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  1. #1
    Join Date
    Mar 2007
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    New Mexico
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    1,222

    Default Bathroom Water Heater

    OK, I'm trying to help a friend, so don't lecture about the obvious. His house has a small electric water heater under the vanity in an addition bathroom. The electric water heater has a NM cable and plug (i.e. Romex) plugged into a 15 amp receptacle under the vanity. The NM cable was called out by the home inspection as being unsafe. The wiring is behind the water heater, and there is very little access to the receptacle or the wiring without removing the entire water heater from under the vanity, if it will even fit out of the cabinet doors.

    So, the proper cable is to be protected by flex or MC cable.
    My questions are: 1: Is the protection of wires applicable in all locations, including underneath a vanity? I only wonder because a garbage disposal with a flex cord plugged into a receptacle is perfectly ok in our world, but a disposal with a NM cable plugged into a cord is not, which I never really understood. Romex is that much weaker than a flex cord and plug? Not that it has to make sense. I don't see how this cord would be subject to any physical damage, but maybe that doesn't matter in this case. Hell, you can barely even see the thing under the vanity.

    To replace the wiring with a flex conduit, not to mention some type of disconnect under the vanity would be a lengthy job. It would involve removing the entire water heater, replacing the wiring, re-installing the water heater, etc. On looking at the install, I thought about installing a GFCI breaker on the power supply to the water heater.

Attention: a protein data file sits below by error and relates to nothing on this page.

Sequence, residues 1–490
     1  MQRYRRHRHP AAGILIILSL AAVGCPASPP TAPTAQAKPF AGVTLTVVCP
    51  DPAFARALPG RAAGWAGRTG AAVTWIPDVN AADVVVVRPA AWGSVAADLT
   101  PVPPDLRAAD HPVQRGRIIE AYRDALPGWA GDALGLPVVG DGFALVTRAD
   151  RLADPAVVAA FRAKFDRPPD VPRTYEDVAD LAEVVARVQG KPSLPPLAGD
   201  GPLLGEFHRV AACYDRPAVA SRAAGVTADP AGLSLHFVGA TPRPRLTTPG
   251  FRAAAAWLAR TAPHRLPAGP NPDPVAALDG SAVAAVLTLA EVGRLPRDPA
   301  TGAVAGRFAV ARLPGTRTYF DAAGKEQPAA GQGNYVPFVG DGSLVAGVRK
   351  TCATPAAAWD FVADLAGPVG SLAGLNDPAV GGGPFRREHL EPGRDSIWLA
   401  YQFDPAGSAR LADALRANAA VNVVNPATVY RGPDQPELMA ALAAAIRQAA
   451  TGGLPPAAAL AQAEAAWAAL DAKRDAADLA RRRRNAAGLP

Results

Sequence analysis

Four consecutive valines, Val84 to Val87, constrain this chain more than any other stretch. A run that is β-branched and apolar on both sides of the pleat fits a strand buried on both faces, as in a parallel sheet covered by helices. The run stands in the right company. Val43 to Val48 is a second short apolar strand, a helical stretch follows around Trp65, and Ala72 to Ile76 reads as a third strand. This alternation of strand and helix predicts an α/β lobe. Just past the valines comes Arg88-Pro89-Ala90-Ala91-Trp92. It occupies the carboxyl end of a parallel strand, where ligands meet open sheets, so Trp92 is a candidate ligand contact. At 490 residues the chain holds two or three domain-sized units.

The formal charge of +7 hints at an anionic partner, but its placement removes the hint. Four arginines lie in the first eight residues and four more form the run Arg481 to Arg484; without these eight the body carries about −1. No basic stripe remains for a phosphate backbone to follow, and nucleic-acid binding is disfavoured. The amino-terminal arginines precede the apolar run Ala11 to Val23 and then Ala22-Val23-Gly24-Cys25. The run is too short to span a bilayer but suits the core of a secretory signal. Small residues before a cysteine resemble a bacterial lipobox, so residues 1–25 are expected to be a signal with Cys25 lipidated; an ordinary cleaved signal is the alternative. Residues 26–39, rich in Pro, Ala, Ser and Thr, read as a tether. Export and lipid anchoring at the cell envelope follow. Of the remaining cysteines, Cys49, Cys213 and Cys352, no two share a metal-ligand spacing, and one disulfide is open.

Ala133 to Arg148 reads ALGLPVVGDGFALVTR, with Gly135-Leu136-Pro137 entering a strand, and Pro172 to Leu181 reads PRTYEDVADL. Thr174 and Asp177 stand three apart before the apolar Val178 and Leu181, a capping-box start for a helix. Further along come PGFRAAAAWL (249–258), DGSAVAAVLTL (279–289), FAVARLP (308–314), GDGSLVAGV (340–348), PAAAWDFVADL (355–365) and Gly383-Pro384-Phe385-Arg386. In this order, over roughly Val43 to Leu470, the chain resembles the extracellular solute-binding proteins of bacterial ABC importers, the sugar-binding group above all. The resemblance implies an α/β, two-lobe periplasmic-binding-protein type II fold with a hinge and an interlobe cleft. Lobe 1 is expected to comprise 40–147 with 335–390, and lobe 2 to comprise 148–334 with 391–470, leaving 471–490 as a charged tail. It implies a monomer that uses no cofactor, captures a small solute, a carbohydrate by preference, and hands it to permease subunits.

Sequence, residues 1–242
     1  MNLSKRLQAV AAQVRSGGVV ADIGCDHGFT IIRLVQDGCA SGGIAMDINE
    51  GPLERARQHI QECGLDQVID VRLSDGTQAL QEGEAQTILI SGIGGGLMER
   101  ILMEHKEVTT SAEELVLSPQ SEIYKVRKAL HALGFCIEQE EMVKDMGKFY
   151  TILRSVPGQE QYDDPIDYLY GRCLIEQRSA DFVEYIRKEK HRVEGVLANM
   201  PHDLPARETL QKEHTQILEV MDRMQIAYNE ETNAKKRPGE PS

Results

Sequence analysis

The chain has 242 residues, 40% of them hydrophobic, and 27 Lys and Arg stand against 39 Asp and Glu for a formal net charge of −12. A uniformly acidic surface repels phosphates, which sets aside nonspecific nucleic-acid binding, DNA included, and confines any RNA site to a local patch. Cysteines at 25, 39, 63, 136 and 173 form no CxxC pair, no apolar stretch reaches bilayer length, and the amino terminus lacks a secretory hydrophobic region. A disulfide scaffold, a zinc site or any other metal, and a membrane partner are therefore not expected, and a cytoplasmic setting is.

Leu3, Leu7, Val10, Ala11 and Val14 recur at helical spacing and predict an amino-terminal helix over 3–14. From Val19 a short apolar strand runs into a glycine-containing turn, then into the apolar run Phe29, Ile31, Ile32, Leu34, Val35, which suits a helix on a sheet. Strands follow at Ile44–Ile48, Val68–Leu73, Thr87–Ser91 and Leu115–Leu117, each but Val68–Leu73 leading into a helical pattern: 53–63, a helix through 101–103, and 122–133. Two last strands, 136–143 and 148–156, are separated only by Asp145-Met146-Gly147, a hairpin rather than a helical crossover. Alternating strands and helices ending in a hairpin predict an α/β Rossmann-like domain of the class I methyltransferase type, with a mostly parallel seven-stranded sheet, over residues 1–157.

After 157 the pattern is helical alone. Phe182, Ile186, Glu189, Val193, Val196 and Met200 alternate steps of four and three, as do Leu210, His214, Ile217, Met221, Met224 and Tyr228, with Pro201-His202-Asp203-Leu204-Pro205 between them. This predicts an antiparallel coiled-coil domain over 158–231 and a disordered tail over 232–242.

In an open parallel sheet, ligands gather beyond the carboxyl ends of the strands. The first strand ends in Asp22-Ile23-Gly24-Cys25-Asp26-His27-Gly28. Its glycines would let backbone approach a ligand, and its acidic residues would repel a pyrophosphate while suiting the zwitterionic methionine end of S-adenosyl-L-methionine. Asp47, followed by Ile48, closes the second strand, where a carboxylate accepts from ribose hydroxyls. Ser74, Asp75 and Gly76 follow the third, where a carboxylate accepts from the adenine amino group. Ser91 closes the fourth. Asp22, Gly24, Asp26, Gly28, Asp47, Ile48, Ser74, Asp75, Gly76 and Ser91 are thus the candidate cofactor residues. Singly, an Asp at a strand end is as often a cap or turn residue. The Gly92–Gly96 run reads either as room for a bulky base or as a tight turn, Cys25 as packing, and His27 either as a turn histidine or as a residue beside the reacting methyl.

Question 2: Would a GFCI not satisfy the intent of protecting the wiring on an electric water heater, even though it may not be specifically addressed in the NEC?

    I'm just trying to help out without having to remove and rewire the entire water heater, which I'm thinking would take almost a whole day for what I'm seeing as very little benefit to the homeowner.

    Any suggestions would be appreciated.

    Similar Threads:
    OREP Home Inspector E&O Insurance
    Jim Robinson
    New Mexico, USA

  2. #2
    Join Date
    Mar 2007
    Location
    Santa Rosa, CA
    Posts
    2,284

    Default Re: Bathroom Water Heater

    Jim,

    To my way of thinking, there is a difference between "wrong" and "unsafe". I doubt that I would have written "unsafe" in my report.

    That said, I would check with the manufacturer of the water heater or review the installation instructions. It may be that an appliance cord (like the disposal) is acceptable by the manufacturer.

    Other than that, the only suggestion that I have is a switch or possibly a fusetron to the MC.

    Department of Redundancy Department
    http://www.FullCircleInspect.com/

  3. #3
    Join Date
    Mar 2007
    Location
    Ormond Beach, Florida
    Posts
    25,304

    Default Re: Bathroom Water Heater

    Quote Originally Posted by Gunnar Alquist View Post
    To my way of thinking, there is a difference between "wrong" and "unsafe". I doubt that I would have written "unsafe" in my report.
    Most thing which are now "wrong" by code are that way because they were deemed "unsafe" from prior history, injuries, accidents, and deaths.

    Code are, by and large, "minimum" "life safety" standards.

    I guess it comes down to 'how you define "unsafe" '.

    Jerry Peck, Construction / Litigation Consultant
    Construction Litigation Consultants, LLC ( www.ConstructionLitigationConsultants.com )
    www.AskCodeMan.com

  4. #4
    Join Date
    Mar 2007
    Location
    Ormond Beach, Florida
    Posts
    25,304

    Default Re: Bathroom Water Heater

    Quote Originally Posted by Jim Robinson View Post
    To replace the wiring with a flex conduit, not to mention some type of disconnect under the vanity would be a lengthy job. It would involve removing the entire water heater, replacing the wiring, re-installing the water heater, etc.